Feds traces its roots back even further beyond its initial incorporation as a non-profit organization to the Students’ Council, organized in 1960 with representatives from Engineering, Arts, Science, and St. Jerome’s at the governing table. This Students’ Council, with its attendant committees, boards, and other operations, was christened the Federation of Students in 1965 and dealt mainly with issues relating to student life, publishing a student newspaper (The Coryphaeus, later the infamous Chevron), that is at least until “The ‘60s” decided to show up, with all the radical student shenanigans that implies.
Even at the heights of their radicalism, student leaders at Waterloo have more often than not been pragmatic in the causes they chose over the years, from protesting high textbook prices to championing student spaces on campus like the Campus Centre (now the Student Life Centre) and Federation Hall (built in 1984 with funds contributed by students and controlled by the Feds until its lease expired in 2012), to student health and dental plans, universal bus passes, expansions to Health Services, changes to municipal rental bylaws, diversity campaigns and student-focused business operations in more recent years.
"This is an exciting milestone for the Feds," says outgoing president Chris Lolas. "It’s a great opportunity to look back at the last half-century and see where we’ve come from and what we’ve accomplished. As we celebrate our history, we’re all looking forward to the new ideas and initiatives students put forward in the next fifty years."
Tap into student innovation to build a better campus
Each week in 2017, the Daily Bulletin will be featuring content highlighting the University of Waterloo's 60th Anniversary. Co-op students in University Relations were asked to write about their vision for the University's next 60 years. This article was originally posted on the Innovation60 website.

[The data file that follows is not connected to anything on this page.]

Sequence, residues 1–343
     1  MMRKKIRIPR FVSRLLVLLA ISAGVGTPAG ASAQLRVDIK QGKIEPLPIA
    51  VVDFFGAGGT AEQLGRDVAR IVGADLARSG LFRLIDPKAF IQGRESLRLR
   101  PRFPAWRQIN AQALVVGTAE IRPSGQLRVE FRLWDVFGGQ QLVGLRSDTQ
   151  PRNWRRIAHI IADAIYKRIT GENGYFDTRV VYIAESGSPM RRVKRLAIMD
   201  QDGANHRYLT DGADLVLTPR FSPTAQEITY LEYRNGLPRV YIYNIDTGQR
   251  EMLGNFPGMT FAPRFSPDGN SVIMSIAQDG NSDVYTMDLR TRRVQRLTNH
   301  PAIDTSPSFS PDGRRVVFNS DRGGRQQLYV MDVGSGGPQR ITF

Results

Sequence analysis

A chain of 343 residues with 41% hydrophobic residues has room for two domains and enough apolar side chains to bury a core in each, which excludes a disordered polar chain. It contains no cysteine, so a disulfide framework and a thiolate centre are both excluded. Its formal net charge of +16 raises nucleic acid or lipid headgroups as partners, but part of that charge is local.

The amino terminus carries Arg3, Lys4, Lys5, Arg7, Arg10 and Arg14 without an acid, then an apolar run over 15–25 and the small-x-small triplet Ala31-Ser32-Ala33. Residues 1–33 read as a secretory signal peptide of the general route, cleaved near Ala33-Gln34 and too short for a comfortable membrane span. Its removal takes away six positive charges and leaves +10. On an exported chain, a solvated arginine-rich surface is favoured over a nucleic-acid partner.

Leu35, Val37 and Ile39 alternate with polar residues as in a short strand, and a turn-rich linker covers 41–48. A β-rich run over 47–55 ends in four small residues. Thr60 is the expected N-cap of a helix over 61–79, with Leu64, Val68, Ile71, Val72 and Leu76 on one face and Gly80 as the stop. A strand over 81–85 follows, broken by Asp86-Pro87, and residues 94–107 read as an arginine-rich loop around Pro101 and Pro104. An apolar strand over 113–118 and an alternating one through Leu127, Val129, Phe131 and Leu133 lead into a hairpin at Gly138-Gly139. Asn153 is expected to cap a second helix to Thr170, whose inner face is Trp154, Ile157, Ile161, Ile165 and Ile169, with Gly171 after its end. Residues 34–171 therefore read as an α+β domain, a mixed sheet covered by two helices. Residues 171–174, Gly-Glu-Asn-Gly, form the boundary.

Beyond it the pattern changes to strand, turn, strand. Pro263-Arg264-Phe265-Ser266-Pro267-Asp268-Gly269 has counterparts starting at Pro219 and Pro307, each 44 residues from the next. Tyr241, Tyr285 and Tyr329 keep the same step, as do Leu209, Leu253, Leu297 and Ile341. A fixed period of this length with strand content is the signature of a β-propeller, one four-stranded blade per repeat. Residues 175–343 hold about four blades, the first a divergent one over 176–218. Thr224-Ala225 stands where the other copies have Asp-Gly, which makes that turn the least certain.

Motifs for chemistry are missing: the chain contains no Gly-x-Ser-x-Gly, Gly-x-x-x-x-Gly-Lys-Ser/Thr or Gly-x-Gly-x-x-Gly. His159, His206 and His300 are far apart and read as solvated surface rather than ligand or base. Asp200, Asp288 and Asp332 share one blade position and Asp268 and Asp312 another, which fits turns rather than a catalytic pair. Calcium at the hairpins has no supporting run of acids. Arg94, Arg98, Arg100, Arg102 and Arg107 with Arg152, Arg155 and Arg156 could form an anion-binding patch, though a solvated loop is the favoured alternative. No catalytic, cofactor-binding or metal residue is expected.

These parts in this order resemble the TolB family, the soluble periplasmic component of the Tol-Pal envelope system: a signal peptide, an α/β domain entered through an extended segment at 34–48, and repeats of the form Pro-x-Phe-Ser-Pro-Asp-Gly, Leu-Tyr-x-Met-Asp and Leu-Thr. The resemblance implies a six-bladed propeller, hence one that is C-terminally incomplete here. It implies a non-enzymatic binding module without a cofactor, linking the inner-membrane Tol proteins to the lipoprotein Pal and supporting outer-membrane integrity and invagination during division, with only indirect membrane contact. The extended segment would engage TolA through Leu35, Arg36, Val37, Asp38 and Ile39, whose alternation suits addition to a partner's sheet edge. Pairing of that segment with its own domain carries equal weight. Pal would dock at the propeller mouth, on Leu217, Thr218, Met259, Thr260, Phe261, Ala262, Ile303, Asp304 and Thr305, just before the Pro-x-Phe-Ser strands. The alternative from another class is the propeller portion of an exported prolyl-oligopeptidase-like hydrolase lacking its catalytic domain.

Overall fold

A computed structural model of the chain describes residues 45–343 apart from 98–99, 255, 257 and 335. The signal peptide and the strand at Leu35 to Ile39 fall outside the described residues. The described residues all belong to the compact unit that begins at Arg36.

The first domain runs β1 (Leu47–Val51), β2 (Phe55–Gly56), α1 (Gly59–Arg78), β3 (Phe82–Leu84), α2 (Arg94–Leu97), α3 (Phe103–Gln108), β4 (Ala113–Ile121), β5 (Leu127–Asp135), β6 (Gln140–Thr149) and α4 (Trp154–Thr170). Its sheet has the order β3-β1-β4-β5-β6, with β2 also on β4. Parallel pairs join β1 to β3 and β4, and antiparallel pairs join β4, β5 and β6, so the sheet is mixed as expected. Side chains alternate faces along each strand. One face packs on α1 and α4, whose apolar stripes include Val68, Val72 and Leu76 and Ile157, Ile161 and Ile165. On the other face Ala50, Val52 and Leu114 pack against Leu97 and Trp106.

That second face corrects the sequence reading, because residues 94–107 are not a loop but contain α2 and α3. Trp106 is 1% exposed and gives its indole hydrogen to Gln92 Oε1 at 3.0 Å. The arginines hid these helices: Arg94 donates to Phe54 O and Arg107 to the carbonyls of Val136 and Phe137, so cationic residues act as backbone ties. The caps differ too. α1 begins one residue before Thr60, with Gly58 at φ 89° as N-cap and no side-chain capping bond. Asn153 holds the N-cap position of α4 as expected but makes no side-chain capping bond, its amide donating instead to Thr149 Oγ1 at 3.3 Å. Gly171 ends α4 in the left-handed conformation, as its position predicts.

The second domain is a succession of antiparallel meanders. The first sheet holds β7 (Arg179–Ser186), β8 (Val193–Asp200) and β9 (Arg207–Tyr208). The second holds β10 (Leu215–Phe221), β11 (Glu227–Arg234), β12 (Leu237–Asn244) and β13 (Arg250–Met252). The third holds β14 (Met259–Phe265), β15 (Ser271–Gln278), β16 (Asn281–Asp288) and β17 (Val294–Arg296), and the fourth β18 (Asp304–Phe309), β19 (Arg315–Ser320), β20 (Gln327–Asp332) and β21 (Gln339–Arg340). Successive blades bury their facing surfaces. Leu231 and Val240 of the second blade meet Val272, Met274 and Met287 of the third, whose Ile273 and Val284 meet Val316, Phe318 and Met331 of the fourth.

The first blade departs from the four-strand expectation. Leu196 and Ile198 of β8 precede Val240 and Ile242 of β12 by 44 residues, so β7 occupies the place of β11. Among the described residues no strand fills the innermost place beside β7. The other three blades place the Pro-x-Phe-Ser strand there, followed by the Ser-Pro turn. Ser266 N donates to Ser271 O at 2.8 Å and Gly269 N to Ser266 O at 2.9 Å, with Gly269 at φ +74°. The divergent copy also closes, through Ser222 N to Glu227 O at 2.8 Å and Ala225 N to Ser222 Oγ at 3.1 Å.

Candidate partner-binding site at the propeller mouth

by Zoey Hu.
The University of Waterloo has spent its first six decades constructing academic success, developing innovative technology and strengthening the student community. As a student at the university, I can’t wait to find out what the next 60 years hold for us.
With advanced technology, fast-growing startups and strong collaboration between Faculties, the University of Waterloo is on its way to becoming one of the most well-known universities in the world.
In my vision for the University’s future, innovation in reusable energy will see Waterloo make big steps forward in creating a more sustainable campus. All Faculties and programs will collaborate on this goal, contributing ideas and expertise to help make the dream into reality.
Students in urban planning can design the layout of reusable energy. Engineering students can work on the actual construction of the plan. Science and environment students will utilize their knowledge to add depth to the process. Arts students can take part in design and use-case studies. Collaborations between the faculties make our university a stronger unit, and accelerate development in scientific, technological and social cultural areas.
Zoey Hu is a 2nd-year student in the Arts and Business program at the University of Waterloo, scheduled to graduate in 2020. She has an interest in psychology and law, and is discovering her career paths through the university’s co-op program, working this term in University Relations.